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The Ecological Imperative and Human Nature: A New Perspective on Ecological Education

Authors:
  • Institute for Social and Political Psychology of NAES of Ukraine

Abstract

This paper aims at disclosing the essence of "environmen-tal imperative" and "human nature", identifying the interconnection and relationship of historical development and current processes of globalization in the system of education and training and their influence on the formation of human cultural values. Global society and its educational institutions are still not ready to meet the environmental challenges of the 21 st century. The international community is starting to understand that the moral principles, spiritual world and human behavior in the biosphere do not meet the conditions of life, in which the society is immersed. People are now realizing that only the co-evolution with the biosphere will allow them to fit reasonably into the natural cycles and comprehend universal laws that prevail in the world. Similar trends bring the issues of environmentally safe development of civilization to the forefront of scientific inquiry, especially in education. For the sake of ecological survival, humankind must develop and actively implement a unified global strategy for the worldwide development on the basis of global cooperation in education that will ensure environmental quality for the civilization in the 21 st century. Through nurturing environmental sensitivity, contemporary humankind is able to explore their own selves and come to new conclusions in experiencing their own realities and truths. Bringing the problem of a human in terms of globalization of education to the fore will eventually result in a new paradigm that reflects a specific holistic nature of humans, their involvement to the natural and cultural worlds and their aspiration to move beyond their own limits.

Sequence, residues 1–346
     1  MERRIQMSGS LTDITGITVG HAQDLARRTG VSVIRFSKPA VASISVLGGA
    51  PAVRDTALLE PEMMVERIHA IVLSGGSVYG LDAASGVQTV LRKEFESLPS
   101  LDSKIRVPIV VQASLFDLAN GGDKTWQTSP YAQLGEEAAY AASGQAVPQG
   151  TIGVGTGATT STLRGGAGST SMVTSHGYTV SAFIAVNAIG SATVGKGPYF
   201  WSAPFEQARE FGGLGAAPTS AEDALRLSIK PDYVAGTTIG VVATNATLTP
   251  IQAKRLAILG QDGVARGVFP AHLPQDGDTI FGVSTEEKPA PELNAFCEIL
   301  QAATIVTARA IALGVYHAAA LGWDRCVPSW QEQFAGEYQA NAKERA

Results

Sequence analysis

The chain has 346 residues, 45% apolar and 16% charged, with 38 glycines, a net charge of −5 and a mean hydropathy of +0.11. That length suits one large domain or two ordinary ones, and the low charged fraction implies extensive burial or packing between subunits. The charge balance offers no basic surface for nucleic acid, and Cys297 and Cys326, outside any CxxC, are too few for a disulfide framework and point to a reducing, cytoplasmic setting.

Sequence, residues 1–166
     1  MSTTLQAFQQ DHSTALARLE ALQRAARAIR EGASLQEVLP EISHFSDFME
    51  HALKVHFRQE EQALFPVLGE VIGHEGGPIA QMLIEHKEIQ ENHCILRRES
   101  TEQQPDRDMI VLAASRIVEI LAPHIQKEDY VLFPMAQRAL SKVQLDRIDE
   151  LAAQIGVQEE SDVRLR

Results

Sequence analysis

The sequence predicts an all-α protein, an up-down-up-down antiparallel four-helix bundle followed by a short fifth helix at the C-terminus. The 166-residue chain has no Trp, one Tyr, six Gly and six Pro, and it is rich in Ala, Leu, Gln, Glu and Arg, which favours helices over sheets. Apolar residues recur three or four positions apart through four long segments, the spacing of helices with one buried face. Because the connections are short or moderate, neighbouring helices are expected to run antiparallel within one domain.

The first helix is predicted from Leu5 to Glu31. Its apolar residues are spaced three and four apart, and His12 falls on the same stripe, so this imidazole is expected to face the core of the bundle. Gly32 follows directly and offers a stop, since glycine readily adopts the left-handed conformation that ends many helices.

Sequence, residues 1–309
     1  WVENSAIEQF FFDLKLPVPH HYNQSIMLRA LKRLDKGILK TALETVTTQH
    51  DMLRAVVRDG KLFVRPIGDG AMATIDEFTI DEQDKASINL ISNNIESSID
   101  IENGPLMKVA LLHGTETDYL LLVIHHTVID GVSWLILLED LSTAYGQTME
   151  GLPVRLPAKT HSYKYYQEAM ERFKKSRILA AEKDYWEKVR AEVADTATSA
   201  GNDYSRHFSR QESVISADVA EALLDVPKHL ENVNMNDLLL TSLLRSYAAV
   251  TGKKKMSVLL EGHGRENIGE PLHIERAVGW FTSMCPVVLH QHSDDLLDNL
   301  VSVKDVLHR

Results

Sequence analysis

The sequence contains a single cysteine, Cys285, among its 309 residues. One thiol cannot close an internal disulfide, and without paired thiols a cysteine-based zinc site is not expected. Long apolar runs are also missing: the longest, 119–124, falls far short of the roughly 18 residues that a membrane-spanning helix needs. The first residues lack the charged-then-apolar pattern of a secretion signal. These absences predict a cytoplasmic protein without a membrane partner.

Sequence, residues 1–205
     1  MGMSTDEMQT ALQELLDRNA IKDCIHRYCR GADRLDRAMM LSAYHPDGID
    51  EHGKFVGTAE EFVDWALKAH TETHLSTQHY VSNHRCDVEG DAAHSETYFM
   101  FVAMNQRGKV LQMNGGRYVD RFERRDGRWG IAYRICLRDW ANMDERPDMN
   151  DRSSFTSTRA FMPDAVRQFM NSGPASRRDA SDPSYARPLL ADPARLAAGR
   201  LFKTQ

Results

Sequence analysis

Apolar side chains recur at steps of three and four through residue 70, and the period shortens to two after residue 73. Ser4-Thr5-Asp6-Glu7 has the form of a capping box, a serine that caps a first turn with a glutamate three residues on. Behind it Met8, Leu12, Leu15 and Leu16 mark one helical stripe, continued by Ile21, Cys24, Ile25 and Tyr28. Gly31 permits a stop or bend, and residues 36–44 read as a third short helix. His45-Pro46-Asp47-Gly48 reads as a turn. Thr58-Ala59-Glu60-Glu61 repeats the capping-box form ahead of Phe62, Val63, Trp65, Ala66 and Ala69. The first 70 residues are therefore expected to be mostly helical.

Interdisciplinary Studies of Complex Systems
No. 12 (2018) 17–24
c
T. Danylova, G. Salata
The Ecological Imperative and Human Nature:
A New Perspective on Ecological Education
Tetiana Danylova,1Galyna Salata2
Abstract. This paper aims at disclosing the essence of “environmen-
tal imperative” and “human nature”, identifying the interconnection and
relationship of historical development and current processes of globaliza-
tion in the system of education and training and their influence on the